As I start to write this post shortly before the market close on March 22, 2019, the three month US T-bill has a microscopically higher yield than the the Ten Year US Treasury Note. This is the definition of a yield curve inversion and it is potentially serious but, it is not serious now or maybe yet is a better word.
The basic implication of an inverted yield curve is that it impacts how capital is accessed for expansion. If access to capital is impeded then it becomes harder to grow which leads to a recession. The whole reason the Fed took such desperate measures during the financial crisis was to try to make capital readily available in hopes it would stimulate growth.
Banks borrow money at low, shorter term rates like the kind available in savings accounts and lend out at higher, longer term rates like for a mortgage or plant expansion. A flat curve makes this less profitable and an inverted curve potentially makes it a money loser. This is what makes yield curve inversion an indicator of economic recession.
Recessions have the tendency to be bad for the stock market and I would not expect it to be any different whenever the next recession happens. Today is day one of the inversion. For all we know this might be the only day or maybe it will resolve next week and then start to steepen back to "normal." That is not a prediction, I have no idea, but it is important to zoom out a little and realize what we are actually talking about; access to capital is threatened and that becomes recessionary...after a few months.
I don't think there is any need to get defensive today based solely on the curve being inverted for a few hours. Bear markets start slowly, giving you plenty of time to take defensive action and this is supported by the history of yield curve inversions leading to recession several months later...historically.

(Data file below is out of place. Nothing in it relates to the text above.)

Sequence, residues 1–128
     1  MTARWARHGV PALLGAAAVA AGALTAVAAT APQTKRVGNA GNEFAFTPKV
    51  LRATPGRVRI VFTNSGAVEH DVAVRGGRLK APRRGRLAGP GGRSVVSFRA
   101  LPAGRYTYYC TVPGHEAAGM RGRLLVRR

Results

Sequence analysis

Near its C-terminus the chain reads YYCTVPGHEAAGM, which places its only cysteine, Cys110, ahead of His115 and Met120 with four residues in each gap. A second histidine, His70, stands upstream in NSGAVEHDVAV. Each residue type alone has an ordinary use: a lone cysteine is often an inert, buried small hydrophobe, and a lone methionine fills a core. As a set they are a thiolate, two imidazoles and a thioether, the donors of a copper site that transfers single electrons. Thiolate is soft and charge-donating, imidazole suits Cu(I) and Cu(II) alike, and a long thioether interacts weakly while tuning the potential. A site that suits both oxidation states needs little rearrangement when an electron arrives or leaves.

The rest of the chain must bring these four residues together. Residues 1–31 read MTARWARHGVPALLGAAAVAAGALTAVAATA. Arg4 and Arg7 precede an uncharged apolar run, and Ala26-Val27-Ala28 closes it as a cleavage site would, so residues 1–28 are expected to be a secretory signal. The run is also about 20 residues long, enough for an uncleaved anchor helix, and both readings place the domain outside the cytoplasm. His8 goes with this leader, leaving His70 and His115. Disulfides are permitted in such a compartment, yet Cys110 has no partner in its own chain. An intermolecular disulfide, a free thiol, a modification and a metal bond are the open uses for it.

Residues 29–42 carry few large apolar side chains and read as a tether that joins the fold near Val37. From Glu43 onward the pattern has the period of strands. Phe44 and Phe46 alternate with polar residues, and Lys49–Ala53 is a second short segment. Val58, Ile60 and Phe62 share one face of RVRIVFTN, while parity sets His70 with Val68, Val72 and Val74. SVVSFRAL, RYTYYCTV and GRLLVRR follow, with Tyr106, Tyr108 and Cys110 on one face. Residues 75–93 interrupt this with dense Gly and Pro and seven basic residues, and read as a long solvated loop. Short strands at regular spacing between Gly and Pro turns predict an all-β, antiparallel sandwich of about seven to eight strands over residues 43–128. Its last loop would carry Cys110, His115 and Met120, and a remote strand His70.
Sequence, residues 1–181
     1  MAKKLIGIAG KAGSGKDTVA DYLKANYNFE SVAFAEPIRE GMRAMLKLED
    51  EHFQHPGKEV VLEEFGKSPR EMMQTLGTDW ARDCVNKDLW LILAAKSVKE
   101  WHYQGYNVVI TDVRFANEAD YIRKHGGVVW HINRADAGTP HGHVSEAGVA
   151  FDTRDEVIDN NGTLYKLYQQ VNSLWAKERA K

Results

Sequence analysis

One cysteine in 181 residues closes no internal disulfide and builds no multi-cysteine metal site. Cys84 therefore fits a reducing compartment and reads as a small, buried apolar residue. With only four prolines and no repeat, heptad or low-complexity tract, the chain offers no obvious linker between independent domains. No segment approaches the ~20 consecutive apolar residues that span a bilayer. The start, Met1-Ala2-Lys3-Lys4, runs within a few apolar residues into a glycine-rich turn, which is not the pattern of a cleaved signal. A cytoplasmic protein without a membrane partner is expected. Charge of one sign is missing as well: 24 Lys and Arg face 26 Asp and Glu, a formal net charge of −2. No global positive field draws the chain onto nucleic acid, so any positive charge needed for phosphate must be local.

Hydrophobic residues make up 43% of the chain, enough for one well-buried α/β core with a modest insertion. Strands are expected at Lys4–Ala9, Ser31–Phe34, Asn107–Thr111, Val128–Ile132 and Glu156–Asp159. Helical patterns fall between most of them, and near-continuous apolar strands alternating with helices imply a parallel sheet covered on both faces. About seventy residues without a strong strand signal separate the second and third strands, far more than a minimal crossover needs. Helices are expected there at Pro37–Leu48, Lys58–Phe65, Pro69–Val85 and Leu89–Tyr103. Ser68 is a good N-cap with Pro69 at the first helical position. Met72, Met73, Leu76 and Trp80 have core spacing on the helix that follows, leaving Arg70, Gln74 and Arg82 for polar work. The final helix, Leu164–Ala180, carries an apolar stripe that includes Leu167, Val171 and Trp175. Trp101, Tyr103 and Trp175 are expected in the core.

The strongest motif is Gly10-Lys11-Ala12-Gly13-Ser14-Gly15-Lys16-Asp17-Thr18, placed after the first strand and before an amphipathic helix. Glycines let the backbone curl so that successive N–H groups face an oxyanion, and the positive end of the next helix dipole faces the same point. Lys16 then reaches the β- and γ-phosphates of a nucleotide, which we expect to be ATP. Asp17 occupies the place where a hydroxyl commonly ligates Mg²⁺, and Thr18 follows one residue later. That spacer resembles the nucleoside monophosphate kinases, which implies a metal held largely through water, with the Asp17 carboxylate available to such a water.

If somehow this time is different and a large multi-month decline starts on Monday and you're still fully invested, what then is the consequence? Time is the consequence; waiting. Often repeated theme from me coming now: Bear markets are all the same, the go down a lot and scare the hell out of people, then it stops going down (often for no real reason) and then it goes back up and makes a new high. The only variable is how long that all takes. If you don't believe this then you should have gotten out of equities long ago.
If you read that and are worried about an adverse sequence of returns for portfolio income purposes (like you're newly retired), that is more an asset allocation issue than a market issue. A suitable asset allocation is a higher priority IMO than returns.
I've been around for several inversions now and every time it has happened before there was a parade of pundits on stock market television telling us why it was different...and it wasn't. Earlier in this cycle when the curve was merely getting flatter there was a parade of pundits on stock market television why now is different. As I Tweeted this morning, I would not give a persistent curve inversion the benefit of the doubt.